processing of the change is complete.
The Outcomes of Togetherness
Participation in the togetherness experience leaves both conversation partners with
clarity, novel plans, new knowledge, heightened well-being, and strengthened attachment to each
other. Clarity is produced by togetherness because it facilitates reflective self-awareness (non-
defensive introspection). Supporting this notion, Itzchakov et al (2018) found that feeling
listened to increased speakers attitude clarity—the subjective sense of truly knowing one’s
attitude on a topic. Listening-induced clarity increased speakers’ willingness to self-disclose their
attitudes to others without increasing their drive to impose their views on others. This state of
inner clarity also helps to generate novel and more adaptive plans (Cohen 2013).
Togetherness contributes to the well-being of the parties via multiple routes. First, the
complex cognitions that arise during the encounter are adaptive. According to Rogers, listening
allows individuals to “establish realistic and harmonious relationship with people [beyond the
specific partner involved in the encounter] and situations” (Rogers & Roethlisberger 1991/1952).
Second, the encounter satisfies both epistemic needs (Rossignac-Milon et al 2020) and
belongingness, or relatedness, needs. Satisfaction of these needs is likely to foster the well-being
of the dyad members.
Finally, listening-induced togetherness reinforces the connection between the speaker and
the listener. Therefore, in some organizational contexts, future listening episodes could further
build relationships between the dyad members (e.g., supervisor-employee, teammates, and
salesperson-customer). This improved relationship can translate into chronic benefits for the
dyad and the organization.
Cultivating listening in organizations may be a cost-effective way to improve numerous
organizational outcomes. Consider the outcome of job satisfaction to reduce turnover and attract
prospective employees. One means of increasing job satisfaction is raising employees’ pay. Yet.
the meta-analytically derived correlation between pay and job satisfaction is only .15 (Judge et al
2010). In contrast, consider the high correlations found between perceived listening by
supervisors and employees’ job satisfaction (e.g., .43 in Tangirala & Ramanujam 2012). The
return on investment from raising pay could, in theory, be negligible relative to that of training
supervisors in listening. Listening to employees may also mitigate the potential damage of
employees’ tendency to react defensively to feedback and performance appraisals (see Kluger &
Lehmann 2018). Through listening, with its concomitant improvements in outcomes such as job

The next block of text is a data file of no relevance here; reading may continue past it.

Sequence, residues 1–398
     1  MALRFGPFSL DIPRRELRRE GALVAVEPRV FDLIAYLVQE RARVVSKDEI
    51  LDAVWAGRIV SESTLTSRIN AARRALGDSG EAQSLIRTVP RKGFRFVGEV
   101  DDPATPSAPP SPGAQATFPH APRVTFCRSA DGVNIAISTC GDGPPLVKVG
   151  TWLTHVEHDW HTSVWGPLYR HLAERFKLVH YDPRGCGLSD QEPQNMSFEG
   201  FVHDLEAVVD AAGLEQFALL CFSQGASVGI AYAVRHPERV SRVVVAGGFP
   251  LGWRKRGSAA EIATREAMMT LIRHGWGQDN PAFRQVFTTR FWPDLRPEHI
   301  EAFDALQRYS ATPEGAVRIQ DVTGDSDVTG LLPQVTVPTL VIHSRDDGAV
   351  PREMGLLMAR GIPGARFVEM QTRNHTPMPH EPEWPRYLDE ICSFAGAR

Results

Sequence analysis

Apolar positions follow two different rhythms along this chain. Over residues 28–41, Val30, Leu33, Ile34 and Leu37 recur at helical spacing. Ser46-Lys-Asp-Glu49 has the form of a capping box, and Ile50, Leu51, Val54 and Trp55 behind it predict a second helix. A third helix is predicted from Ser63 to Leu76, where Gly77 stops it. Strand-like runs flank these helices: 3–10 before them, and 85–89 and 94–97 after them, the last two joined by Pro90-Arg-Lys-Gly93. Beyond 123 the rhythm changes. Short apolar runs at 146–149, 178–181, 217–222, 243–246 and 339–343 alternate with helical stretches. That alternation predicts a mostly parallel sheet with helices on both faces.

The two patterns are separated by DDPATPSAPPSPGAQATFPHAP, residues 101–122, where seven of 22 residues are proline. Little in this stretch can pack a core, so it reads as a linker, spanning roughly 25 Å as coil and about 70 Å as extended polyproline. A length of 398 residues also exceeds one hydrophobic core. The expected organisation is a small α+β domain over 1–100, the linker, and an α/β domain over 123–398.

satisfaction, organizations can also increase diversity and tolerance and encourage voice
behavior. Finally, listening is a critical skill in negotiations. Thus, developing organization
members’ listening skills can also improve their negotiating proficiency (Curhan et al 2021,
Itzchakov & Kluger 2019).
From a theoretical perspective, we argue that listening is a hitherto unexplored antecedent
of relational coordination at work. According to relational coordination theory (Gittell 2016),
group members who feel genuinely listened to will feel respected, and will be more likely to
coordinate with the group to develop shared knowledge and shared goals. Promoting listening
within teams will enable group members to understand each others perspectives and resolve
disagreements in a way that is timely, accurate, and focused on problem-solving.
Listening Training
A key question is how organizations can train their employees in listening. We find in our
classes that many students resist the mechanical nature of paraphrasing used in active listening.
Therefore, we use many tools in our instruction. For a selection of tools, their underlying
assumptions, and research, if available, see Table S3 in the Supplementary Material. As an
example, we begin our listening instruction by instructing the listeners to invite stories from the
speakers (e.g., “Could you please tell me an interesting story about your name?”). Students first
share stories, in rotating pairs, with 7-10 students. As homework, they ask three people out of
class to tell them three stories each and then write a reflection. We assume that inviting stories
improves listening and experimental data support this claim (Itzchakov et al 2016). However,
none of the methods we use were tested with more than a handful of studies each.
Due to the lack of research programs to test the effectiveness of listening training, insight
might be gained from psychotherapy, where listening methods are standard and sometimes
accompanied by a rigorous research program (see the footnote of Table S3 in the Supplementary
Material). One such method is motivational interviewing (Rollnick & Miller 1995). Consistent
with our proposed episodic listening theory, motivational interviewing’s central assumption is
that change should be freely elicited from within speakers rather than imposed on them.
Specifically, the listener tries to understand the speaker’s perspective and paraphrases content
that conveys ambivalence. This process allows speakers to explore internal conflicts and